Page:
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Sancho Panza

China’S Stocks Halt Nine-Day Losing Streak As Banks Gain

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Bloomberg 23/12/13

'China’s stocks rose, led by banks and drugmakers, after a nine-day losing streak for the benchmark index drove valuations down to a four-month low and technical indicators signaled a rebound.

China Construction Bank Corp. (601939) and China Citic Bank Corp. rebounded at least 5 percent after plunging in late trade on Dec. 20. The Shanghai Stock Exchange said “abnormal trading” was caused by foreign investors adjusting their positions to track index changes. Guizhou Bailing Group Pharmaceutical Co. paced gains for drug stocks on expectations the outbreak of the bird flu will boost medical expenditures. Tianjin Zhonghuan Semiconductor Co. tumbled to a seven-month low after receiving a warning from the regulator to disclose information.

The Shanghai Composite Index (SHCOMP) rose 0.2 percent to 2,089.71 at the close. The measure trades at 8.1 times projected profit for the next 12 months, the lowest level since July 31. The 14-day relative strength measure was at 27.4 on Dec. 20. Readings below 30 indicate it may be poised to rise.

“A rebound is imminent as valuations and technical indicators are at pretty low levels,” said Wu Kan, a money manager at Dragon Life, which oversees about $3.3 billion. “The focus is still on money-market rates. Unless they retreat from the current high levels, the rebound may be short-lived.”'

What's a nine day losing streak?

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"A rebound is imminent as valuations and technical indicators are at pretty low levels," said Wu Kan, a money manager at Dragon Life, which oversees about $3.3 billion. "The focus is still on money-market rates. Unless they retreat from the current high levels, the rebound may be short-lived."'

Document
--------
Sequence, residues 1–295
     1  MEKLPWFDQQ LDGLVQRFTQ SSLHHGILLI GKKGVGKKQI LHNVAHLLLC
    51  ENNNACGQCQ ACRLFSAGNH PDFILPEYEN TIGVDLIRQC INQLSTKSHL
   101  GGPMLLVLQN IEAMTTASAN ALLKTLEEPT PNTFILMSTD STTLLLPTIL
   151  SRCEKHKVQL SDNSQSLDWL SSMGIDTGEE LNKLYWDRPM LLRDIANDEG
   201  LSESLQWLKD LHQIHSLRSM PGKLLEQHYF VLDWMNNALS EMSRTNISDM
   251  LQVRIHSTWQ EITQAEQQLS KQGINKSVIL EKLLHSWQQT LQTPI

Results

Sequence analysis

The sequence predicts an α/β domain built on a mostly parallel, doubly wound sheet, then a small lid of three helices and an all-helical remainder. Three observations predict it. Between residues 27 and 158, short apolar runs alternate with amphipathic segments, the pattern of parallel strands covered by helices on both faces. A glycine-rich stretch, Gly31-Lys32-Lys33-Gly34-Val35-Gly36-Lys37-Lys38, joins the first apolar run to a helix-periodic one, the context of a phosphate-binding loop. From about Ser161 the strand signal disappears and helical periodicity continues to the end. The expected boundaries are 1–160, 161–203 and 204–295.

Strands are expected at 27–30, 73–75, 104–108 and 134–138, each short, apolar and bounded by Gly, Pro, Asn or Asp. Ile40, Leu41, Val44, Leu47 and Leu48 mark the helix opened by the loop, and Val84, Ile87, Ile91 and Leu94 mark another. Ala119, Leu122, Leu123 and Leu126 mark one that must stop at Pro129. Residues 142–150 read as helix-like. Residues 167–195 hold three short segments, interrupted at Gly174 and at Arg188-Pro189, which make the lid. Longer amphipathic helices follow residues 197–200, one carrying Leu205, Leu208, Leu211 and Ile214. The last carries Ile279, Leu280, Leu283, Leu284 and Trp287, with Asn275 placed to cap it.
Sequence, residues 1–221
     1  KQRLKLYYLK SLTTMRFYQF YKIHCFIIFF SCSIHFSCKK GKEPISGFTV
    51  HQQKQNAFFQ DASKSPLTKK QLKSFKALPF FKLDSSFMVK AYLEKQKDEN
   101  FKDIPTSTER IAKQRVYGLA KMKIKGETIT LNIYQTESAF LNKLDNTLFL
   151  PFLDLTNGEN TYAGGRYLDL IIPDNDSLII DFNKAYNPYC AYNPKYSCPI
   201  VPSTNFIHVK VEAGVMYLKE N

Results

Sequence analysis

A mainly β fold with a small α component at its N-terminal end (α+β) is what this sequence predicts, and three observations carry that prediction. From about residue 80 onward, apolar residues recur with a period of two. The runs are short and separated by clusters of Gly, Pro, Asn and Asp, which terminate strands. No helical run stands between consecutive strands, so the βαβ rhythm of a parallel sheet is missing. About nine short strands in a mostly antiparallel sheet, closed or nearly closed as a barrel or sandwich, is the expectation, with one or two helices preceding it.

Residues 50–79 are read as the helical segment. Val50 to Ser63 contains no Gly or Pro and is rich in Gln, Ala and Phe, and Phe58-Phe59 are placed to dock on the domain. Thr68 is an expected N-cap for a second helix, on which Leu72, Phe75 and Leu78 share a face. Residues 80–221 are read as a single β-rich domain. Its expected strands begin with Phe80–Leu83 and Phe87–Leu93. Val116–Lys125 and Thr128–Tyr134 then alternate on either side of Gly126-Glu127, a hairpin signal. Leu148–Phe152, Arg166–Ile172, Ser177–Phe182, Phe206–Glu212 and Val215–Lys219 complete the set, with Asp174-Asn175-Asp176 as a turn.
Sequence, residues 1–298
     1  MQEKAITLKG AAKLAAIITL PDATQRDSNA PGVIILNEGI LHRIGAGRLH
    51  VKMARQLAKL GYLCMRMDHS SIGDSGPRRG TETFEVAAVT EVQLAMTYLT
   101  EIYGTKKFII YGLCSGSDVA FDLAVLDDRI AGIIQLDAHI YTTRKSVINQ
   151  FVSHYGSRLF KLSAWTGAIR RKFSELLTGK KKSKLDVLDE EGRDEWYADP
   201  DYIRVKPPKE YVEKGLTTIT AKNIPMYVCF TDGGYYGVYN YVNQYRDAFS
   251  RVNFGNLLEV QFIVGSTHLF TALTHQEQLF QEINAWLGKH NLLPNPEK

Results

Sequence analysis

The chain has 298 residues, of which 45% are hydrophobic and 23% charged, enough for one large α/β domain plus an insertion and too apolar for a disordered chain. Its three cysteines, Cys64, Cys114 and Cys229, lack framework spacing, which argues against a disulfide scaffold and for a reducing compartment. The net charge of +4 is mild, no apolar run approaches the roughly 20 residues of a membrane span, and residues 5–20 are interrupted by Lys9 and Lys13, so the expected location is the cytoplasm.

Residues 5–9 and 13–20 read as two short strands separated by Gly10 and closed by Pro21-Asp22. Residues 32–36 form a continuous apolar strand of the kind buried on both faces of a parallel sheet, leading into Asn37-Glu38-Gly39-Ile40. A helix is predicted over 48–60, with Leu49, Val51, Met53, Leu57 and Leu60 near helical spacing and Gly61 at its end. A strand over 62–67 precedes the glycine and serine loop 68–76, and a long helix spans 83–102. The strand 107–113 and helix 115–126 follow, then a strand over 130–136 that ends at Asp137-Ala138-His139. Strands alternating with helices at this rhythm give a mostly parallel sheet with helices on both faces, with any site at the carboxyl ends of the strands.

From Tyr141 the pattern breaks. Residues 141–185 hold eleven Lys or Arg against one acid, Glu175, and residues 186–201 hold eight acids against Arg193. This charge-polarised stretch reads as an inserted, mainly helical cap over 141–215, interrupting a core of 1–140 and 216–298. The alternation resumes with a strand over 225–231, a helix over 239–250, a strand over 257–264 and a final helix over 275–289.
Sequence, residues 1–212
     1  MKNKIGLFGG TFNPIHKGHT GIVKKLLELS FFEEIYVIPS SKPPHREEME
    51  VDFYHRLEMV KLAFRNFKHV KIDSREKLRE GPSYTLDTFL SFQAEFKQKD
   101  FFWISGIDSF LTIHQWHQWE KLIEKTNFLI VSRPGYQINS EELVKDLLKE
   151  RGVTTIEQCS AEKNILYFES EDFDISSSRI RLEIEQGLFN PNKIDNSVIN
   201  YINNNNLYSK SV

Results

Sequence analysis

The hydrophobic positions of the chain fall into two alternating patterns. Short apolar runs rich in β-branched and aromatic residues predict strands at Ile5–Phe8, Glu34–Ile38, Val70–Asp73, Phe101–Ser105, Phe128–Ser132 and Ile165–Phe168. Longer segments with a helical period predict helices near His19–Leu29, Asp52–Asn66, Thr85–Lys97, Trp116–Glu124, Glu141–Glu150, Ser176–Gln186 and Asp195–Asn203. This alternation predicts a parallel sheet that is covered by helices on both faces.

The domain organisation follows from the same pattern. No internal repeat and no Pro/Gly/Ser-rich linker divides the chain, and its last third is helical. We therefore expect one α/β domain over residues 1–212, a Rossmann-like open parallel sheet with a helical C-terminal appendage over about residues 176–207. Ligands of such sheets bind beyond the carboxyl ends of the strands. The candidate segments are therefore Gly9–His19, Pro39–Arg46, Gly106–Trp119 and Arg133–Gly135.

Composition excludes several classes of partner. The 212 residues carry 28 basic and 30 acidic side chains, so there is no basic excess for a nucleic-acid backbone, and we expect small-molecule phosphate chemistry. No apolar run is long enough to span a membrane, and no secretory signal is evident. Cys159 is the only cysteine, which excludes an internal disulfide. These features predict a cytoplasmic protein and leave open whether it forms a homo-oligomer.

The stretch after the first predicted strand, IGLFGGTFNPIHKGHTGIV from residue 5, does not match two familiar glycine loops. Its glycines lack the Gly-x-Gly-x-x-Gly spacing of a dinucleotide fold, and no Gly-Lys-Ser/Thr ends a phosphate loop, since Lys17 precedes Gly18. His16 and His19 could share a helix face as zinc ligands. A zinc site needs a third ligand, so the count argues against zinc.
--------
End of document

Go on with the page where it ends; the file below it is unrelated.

2013-12-25

China’s benchmark money-market rates fell for a second day after the central bank injected cash into the financial system. Small-company shares jumped as concerns about funding costs eased.

The seven-day repurchase rate, a gauge of funding availability in the banking system, fell 83 basis points to 5.61 percent as of 10:53 a.m., according to a weighted average compiled by the National Interbank Funding Center. The ChiNext Index of small-company shares rallied for a second day, gaining 0.8 percent. The yuan held near a 20-year high of 6.0714.

The People’s Bank of China stepped up its efforts to provide lenders with more cash after the biggest surge in borrowing costs since 2011 sparked a selloff in Chinese shares traded in Shanghai, Hong Kong and New York.

“The Chinese central bank’s fund injection is pretty symbolic given the short amount,” said Wang Weijun, a strategist at Zheshang Securities Co. in Shanghai. “We’ll probably see money-market rates stay relatively elevated towards the end of the year. Stocks will be pressured.”

The one-year interest-rate swap, the fixed payment needed to receive the floating seven-day repo rate, was little changed at 4.97 percent today. It touched a record 5.13 percent on Dec. 23, the highest in Bloomberg data going back to 2006.

The PBOC auctioned 29 billion yuan ($4.8 billion) of seven-day reverse repurchase agreements yesterday, the first sale of the instrument in three weeks, after 300 billion yuan of targeted cash injections last week failed to hold borrowing costs down. The seven-day repo rate tumbled the most since February 2011 yesterday.

more at.. http://www.bloomberg.com/news/2013-12-25/china-stock-index-futures-rise-as-money-market-rates-extend-drop.html

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WSJ 26 Dec 2013... Japan's Nikkei Stock Average rallies 1% to a six-year high +

Meanwhile, China's Shanghai Composite slumped 1.6% to a four-month low Thursday. The lack of additional cash injections by the central bank, which had been used over the last week to soothe fears of a cash crunch, weighed on sentiment.

Described simply as 'profit-taking' at other sources, including here: http://english.cri.cn/11354/2013/12/26/2361s805276.htm

Lots of pics of elderly private investors in front of trading screens, although I'm not claiming to be any more sophisticated an investor.

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WSJ 26 Dec 2013... Japan's Nikkei Stock Average rallies 1% to a six-year high +

Described simply as 'profit-taking' at other sources, including here: http://english.cri.c...2361s805276.htm

Lots of pics of elderly private investors in front of trading screens, although I'm not claiming to be any more sophisticated an investor.

FWIW I think China is looking increasingly vulnerable. Emerging market debt has been blowing up furiously since the taper was first mooted. Trouble in emerging markets could feed back into China (and Japan) very easily here.

For instance, the Turkish 10yr bond yield has risen to over 10% in recent days, and shows no sign of slowing down.

Foreigners unload Turkey bonds

Turkey+10y.PNG

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